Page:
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ESG (Environmental, Social and Governance)

The framework for assessing the impact of the sustainability and ethical practices of a company

What is ESG (Environmental, Social, and Governance)?

Environmental, Social, and Governance (ESG) are the criteria that altogether establish the framework for assessing the impact of the sustainability and ethical practices of a company on its financial performance and operations.

Initially, the ESG framework was only used by impact investors to determine suitable investments. Nowadays, the framework gains more recognition among all types of investors because of the greater attention of governments and regulators to such factors, and a stronger public awareness of the environmental and social influence of companies. The majority of the big publicly traded companies publish reports about their ESG initiatives.


ESG (Environmental, Social and Governance)


ESG factors can significantly impact a company’s financial performance. For example, Volkswagen’s emission’s scandal in 2015 cost the company $7 billion to cover the costs and more than $4 billion in penalties. In addition, the company’s stock experienced dramatic declines throughout the scandal.

Nevertheless, environmental, social, and governance criteria are very subjective, and accurate assessment of the factors can be extremely challenging.


Environmental Factor

The environmental factor is primarily concerned with the company’s influence on the environment and its ability to mitigate various risks that could harm the environment. Generally, a company is assessed by its use of energy, waste generation, level of pollution produced, utilization of resources, and treatment of animals.

The company’s environmental policies and its ability to mitigate environmental risks may directly influence its financial performance. More governments around the world are introducing strict environmental policies, and a company’s inability to comply with the standards may result in significant penalties.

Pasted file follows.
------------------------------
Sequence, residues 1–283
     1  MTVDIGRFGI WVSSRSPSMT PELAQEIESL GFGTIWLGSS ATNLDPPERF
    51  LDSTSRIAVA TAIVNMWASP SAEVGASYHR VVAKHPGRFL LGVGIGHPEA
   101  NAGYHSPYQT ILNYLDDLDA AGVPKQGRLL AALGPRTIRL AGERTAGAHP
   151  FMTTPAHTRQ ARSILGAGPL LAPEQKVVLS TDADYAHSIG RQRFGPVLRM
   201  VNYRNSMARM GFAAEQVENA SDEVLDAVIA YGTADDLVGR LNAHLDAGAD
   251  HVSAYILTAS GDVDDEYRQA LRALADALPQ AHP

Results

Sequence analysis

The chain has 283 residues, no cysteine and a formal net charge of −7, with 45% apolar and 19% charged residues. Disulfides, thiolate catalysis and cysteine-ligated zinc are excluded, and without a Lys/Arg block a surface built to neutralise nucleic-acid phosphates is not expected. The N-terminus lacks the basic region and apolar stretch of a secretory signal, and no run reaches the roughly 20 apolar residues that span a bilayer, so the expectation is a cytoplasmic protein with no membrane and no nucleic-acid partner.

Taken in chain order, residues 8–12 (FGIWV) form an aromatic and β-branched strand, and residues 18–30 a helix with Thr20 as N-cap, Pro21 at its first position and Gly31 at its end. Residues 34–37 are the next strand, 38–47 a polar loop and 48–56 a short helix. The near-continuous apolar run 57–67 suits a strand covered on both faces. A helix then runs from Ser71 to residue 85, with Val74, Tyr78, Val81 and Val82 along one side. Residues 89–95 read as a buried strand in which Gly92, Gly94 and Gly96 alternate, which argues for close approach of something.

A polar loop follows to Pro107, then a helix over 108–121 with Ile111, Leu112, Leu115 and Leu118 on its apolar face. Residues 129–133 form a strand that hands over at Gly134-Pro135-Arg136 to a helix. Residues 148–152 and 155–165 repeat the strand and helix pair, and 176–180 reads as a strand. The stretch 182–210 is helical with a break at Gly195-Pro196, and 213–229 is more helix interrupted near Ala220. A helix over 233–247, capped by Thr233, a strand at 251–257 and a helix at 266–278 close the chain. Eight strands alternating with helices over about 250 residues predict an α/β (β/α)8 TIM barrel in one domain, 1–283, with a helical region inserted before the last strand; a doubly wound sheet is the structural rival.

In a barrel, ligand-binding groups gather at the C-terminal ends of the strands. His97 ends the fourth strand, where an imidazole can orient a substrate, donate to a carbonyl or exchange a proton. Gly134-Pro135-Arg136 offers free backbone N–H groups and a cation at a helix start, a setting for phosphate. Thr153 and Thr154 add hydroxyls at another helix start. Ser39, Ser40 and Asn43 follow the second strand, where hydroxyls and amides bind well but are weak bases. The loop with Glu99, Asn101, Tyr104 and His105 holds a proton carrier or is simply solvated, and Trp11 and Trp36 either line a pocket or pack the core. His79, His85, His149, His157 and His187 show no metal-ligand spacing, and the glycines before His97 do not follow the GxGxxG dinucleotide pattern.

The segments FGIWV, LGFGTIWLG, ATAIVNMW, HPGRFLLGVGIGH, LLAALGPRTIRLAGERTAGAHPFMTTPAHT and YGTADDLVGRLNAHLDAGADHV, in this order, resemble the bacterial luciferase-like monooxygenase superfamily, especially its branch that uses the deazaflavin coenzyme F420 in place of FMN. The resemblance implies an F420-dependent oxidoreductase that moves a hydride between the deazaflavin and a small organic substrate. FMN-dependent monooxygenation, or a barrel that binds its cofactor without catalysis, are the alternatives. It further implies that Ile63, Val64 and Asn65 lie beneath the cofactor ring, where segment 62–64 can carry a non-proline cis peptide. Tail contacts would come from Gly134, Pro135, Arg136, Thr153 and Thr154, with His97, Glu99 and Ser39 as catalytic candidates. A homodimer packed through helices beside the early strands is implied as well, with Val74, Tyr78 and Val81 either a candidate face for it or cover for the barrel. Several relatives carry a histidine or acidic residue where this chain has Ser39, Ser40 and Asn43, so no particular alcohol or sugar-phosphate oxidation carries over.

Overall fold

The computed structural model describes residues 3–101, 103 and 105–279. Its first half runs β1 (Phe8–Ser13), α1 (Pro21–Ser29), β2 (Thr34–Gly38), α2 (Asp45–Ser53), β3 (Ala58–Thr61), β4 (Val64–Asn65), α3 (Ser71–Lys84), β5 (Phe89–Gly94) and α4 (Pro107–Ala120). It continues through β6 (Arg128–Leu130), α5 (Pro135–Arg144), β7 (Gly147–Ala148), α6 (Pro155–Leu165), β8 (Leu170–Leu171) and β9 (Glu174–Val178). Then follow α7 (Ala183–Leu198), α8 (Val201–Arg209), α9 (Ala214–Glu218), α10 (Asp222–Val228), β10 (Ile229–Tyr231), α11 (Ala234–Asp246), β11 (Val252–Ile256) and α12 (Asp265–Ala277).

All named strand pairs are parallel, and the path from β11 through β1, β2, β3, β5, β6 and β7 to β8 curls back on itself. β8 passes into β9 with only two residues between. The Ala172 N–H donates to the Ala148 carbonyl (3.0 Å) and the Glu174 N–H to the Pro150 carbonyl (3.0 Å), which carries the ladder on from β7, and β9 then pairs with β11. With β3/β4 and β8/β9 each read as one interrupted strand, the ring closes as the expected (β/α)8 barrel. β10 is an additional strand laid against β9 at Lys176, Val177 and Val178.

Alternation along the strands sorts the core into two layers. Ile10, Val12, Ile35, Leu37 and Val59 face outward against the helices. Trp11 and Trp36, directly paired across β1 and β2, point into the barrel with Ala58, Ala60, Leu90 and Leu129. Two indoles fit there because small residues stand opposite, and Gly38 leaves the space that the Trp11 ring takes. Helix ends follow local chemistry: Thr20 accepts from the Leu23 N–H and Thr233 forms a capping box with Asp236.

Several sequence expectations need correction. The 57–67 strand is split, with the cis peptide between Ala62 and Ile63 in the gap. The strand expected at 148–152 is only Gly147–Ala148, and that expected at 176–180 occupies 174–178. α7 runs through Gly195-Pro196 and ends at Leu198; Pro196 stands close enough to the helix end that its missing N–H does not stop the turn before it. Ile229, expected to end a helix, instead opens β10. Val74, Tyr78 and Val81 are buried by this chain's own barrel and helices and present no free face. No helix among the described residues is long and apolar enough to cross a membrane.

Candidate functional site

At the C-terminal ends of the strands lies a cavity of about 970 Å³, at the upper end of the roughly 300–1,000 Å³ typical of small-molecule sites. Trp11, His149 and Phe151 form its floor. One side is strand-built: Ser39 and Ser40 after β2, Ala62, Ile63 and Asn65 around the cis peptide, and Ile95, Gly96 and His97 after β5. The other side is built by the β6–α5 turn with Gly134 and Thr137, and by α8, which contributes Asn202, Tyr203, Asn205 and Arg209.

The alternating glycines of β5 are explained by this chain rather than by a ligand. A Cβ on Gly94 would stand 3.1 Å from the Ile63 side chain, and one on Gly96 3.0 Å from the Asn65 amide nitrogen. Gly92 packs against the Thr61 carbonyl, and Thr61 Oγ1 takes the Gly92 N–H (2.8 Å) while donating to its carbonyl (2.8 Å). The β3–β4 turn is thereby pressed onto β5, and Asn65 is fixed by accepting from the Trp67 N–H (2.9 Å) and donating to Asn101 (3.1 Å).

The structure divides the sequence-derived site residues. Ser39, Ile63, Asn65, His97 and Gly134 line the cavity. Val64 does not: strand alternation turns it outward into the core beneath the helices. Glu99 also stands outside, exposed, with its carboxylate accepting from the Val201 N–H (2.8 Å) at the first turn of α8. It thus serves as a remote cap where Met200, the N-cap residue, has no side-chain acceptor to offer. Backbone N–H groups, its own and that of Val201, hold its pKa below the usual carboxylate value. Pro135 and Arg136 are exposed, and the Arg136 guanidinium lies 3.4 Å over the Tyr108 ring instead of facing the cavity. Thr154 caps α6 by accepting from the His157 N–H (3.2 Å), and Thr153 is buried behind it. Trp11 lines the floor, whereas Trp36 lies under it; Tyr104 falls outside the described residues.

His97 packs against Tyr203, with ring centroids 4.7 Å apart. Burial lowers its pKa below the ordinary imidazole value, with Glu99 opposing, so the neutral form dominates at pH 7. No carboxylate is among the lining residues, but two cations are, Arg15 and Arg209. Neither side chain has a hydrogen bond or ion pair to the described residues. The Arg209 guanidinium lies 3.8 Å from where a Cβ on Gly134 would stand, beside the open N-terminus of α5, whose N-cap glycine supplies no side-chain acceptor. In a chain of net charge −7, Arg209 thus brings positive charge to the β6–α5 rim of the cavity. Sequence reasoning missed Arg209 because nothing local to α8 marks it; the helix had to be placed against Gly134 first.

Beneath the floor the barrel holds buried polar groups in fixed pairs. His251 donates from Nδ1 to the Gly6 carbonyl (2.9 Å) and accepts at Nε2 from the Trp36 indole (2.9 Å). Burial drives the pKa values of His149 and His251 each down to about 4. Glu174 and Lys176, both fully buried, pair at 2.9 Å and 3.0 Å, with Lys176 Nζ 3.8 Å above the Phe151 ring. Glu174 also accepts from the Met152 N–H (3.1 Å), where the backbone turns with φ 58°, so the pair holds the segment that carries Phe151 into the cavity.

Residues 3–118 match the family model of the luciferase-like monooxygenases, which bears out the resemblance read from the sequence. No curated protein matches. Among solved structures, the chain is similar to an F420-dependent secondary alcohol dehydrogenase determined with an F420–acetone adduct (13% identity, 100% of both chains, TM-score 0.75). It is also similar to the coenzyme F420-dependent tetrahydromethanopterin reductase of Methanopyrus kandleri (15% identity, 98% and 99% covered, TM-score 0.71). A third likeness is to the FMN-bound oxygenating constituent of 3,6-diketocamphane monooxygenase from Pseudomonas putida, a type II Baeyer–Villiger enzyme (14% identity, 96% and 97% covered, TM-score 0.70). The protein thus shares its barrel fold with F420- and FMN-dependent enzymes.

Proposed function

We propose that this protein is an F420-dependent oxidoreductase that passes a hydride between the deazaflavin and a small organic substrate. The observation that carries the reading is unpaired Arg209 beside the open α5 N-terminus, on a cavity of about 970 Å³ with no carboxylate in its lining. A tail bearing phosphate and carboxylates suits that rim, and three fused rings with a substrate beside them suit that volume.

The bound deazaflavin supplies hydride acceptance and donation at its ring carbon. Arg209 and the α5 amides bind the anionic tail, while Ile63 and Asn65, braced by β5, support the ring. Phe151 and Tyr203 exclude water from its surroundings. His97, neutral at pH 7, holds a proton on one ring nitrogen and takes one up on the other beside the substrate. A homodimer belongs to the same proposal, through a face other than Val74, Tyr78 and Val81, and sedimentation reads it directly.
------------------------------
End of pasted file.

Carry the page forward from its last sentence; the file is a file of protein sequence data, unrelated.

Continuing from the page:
In addition, the company’s irresponsible environmental policy may damage areas of its operations and subsequently limit the company’s operational capacity.


Social Factor

The social factor investigates the company’s relationships with other businesses and communities. Social factor considers the attitudes towards diversity, human rights, and consumer protection.

The social factor may affect the company’s operational success by attracting new customers and retaining their loyalty, and maintaining relationships with business partners and communities affected by the company’s operations.


Corporate Governance

Corporate governance is concerned with the internal company affairs and its relationships with the main company’s stakeholders, including its employees and the shareholders.

Proper and transparent corporate governance can help avoid conflicts of interest between the company’s stakeholders and potentially huge litigation expenses.

In addition, corporate governance is directly linked to a company’s long-term success, as proper governance policies can help to attract and retain talented employees.


More Resources

For more learning, CFI offers a wide range of courses on accounting, financial analysis, and financial modeling. To keep learning and advancing your career, the following CFI resources will be helpful:

  • Adaptive Leadership
  • Diversity Management
  • Indemnification
  • Types of Organizations

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